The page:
Once, I was on Gossip Girl. By once, I mean twice. Twice. I was on Gossip Girl twice. This is something that I do not really mention very often, but it was at that time, the highlight of my life. I also believe that, highlight though it was, you may or may not be allowed to talk about appearing on Gossip Girl (you sign a bunch of forms), so, let us say that this is a fictitious and delightful story that I am spinning out of lies like a spider of deceit.
I rarely talk about this, because it is the kind of story you are supposed to make very, very funny (as Sloane Crosley did) . Like many stories in my life from that particular 2008 period, it is mostly a story about being young and confused, with a sort of wall-papery backdrop of cocktail waitressing.
You have to understand that Gossip Girl came out when I was only acquainted with New York in the vaguest possible way. My experience of New York basically consisted of getting lost trying to get to my apartment around Gramercy Park. Over and over. Literally every time I tried to walk home. I don’t know why this happened, because Gramercy Park isn’t actually that complicated, and the streets around it are laid out on a grid, just like everything else in New York.
But, that was me. I tried to get writing jobs and cocktail waitressed and was afraid to walk more than about 4 blocks in either direction because I was always getting lost.
And I loved Gossip Girl. I wanted to live in Gossip Girl. I wanted to live in a place where everyone wore purple trimmed suits (no one does this, no one has ever done this, this is not a thing) and made puns based off of their own names. I did not want to live in a New York where people had to work and figure things out. I just wanted to live in a world where, seriously, the proper way to insult someone was based on some sort of manhandling of their surname (“he’s Chuck Bass-tard” – a phrase I am at least 78% sure appeared on some episode of Gossip Girl). Life in New York was very limited, and I had not really moved there to sit in my apartment and worry. I had moved there to be some sort of modern day version of Myrna Loy. I had moved there, in short, to be Blair Waldorf.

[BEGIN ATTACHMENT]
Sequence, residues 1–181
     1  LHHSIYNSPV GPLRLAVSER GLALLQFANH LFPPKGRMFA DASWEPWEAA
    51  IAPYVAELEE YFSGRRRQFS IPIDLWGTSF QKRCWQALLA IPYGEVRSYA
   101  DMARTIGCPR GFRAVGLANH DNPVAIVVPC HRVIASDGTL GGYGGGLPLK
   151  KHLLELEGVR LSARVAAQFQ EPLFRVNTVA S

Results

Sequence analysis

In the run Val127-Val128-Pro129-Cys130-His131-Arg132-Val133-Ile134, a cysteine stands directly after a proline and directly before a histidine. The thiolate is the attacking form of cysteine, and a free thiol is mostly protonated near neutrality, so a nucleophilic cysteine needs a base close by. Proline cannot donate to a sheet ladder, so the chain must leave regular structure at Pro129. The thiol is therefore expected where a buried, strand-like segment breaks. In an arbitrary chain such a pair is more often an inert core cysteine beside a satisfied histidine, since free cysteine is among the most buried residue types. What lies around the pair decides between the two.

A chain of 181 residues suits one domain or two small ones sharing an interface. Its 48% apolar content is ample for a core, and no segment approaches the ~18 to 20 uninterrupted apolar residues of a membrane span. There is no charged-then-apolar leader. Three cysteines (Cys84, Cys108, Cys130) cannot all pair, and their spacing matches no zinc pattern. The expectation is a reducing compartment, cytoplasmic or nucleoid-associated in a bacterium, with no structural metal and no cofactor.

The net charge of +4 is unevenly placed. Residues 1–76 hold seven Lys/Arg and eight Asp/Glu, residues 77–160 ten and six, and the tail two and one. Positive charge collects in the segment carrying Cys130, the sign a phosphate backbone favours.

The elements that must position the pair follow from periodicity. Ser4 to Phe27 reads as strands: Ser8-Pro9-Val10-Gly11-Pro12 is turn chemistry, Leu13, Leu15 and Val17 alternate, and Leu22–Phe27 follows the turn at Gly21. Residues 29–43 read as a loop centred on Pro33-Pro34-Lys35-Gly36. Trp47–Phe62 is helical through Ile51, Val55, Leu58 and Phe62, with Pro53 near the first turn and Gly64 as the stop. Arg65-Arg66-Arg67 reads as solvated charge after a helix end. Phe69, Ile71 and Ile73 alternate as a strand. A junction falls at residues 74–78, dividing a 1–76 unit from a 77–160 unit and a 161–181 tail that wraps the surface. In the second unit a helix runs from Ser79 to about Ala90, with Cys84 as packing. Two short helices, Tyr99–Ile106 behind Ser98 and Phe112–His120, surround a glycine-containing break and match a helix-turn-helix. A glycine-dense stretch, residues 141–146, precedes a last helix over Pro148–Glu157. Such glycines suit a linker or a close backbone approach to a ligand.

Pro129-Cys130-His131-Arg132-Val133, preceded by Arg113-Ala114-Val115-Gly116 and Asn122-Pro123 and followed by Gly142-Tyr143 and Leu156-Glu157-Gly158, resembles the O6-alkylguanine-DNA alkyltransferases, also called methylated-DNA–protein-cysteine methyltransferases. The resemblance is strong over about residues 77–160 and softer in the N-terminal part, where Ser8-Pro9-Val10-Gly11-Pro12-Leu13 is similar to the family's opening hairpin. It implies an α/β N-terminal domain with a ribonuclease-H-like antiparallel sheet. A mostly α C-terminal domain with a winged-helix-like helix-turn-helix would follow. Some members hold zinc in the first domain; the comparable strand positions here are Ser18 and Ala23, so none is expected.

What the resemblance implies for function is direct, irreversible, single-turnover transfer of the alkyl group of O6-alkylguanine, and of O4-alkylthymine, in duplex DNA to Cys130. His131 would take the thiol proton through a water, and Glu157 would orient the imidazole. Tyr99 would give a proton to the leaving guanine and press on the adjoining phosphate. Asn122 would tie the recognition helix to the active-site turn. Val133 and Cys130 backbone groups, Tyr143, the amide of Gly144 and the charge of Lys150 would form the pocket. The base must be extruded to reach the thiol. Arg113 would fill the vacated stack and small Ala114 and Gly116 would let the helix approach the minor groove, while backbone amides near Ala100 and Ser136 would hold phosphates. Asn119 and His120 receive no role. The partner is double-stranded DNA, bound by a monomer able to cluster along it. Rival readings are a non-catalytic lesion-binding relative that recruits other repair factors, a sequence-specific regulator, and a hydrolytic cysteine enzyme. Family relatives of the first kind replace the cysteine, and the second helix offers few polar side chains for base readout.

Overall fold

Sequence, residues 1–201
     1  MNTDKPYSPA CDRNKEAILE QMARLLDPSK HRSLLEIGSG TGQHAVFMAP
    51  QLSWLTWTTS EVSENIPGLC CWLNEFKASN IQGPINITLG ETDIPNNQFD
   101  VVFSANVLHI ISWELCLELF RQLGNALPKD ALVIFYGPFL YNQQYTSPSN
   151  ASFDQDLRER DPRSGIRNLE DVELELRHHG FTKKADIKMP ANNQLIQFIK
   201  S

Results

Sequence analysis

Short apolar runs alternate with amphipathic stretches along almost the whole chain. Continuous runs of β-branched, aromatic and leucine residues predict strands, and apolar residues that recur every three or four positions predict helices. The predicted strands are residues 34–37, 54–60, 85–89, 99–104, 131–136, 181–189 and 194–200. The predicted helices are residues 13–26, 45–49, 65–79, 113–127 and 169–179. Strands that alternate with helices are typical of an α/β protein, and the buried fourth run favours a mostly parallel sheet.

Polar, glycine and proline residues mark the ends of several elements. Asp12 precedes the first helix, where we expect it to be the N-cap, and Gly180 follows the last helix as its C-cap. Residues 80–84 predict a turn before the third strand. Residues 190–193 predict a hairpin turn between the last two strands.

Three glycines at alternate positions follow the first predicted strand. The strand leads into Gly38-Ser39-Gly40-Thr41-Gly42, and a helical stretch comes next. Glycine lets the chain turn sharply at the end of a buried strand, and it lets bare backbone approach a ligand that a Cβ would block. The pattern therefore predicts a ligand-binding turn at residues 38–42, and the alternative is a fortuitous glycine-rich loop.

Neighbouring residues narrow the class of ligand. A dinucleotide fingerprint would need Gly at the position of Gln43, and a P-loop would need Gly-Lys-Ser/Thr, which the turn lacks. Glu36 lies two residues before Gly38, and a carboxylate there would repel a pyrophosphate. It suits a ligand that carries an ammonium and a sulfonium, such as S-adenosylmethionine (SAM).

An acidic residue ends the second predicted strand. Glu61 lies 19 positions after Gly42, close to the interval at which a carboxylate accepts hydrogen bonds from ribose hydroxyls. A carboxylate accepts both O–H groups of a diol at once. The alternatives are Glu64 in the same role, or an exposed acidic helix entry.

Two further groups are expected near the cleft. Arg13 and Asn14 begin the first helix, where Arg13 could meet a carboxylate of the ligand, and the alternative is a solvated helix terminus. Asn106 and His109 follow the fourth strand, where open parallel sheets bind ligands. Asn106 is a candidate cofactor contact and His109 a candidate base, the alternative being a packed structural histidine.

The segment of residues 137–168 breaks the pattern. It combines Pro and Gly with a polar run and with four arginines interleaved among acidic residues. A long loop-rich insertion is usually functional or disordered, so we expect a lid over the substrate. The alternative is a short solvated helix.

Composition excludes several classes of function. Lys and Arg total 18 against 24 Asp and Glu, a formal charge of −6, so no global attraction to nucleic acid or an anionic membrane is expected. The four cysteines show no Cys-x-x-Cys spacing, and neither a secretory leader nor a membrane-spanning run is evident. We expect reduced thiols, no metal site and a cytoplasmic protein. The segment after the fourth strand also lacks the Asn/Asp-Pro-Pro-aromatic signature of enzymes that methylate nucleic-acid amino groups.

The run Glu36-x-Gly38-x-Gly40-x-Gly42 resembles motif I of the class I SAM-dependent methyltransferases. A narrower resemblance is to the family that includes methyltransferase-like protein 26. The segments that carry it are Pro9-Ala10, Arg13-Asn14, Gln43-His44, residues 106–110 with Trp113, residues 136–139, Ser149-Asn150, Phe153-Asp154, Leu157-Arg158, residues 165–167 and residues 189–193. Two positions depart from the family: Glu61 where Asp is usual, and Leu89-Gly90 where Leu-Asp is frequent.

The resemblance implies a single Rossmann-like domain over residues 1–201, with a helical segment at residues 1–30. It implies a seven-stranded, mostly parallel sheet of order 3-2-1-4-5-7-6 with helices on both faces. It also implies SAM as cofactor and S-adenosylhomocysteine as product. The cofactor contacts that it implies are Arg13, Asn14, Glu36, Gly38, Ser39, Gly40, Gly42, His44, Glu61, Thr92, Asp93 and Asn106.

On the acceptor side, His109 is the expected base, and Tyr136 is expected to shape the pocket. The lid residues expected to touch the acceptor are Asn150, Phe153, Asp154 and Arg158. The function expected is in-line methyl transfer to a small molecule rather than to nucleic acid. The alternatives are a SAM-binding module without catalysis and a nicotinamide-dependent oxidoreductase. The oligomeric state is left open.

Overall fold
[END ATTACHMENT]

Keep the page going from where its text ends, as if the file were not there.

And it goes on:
And then, through a series of odd circumstances I ended up being on Gossip Girl. Twice. It was in its second season at the time, and I don’t think I could have been happier about anything.
The first time I was supposed to be a model in Eleanor atelier. Playing that role taught me that models have incredibly convivial relationships with the people dressing them and do not actually do anything else. It also taught me that I was not able to wear one of those dresses that Blair and Serena wore in that scene where Blair is a fashion model. Those are hard to wear, you guys. They had me change back into my own clothes. I wore a brown leather jacket that I had bought at BCBG, because I was pretty sure that was what models wore. Just very light, very insubstantial BCBG jackets. I am not entirely sure this was wrong, really.
It took about four hours, and I went home, and, if you watch the episode, there is a moment where I walk by.
OH WHAT A MOMENT.
This was during a period where I was also cocktail waitressing and generally panicking about life, so it was a cause for unbelievable excitement. I think it paid around $100, and I photocopied the check, so it’s doubtless lying around somewhere. I kept waiting for them to turn my character into a full time role. I figured I could be Blair’s wacky nemesis. I could wear my incredibly flimsy leather jacket and, I don’t know, steal her headband. That was the kind of plot that seemed to happen on the show a lot, then. Wacky mayhem would ensue.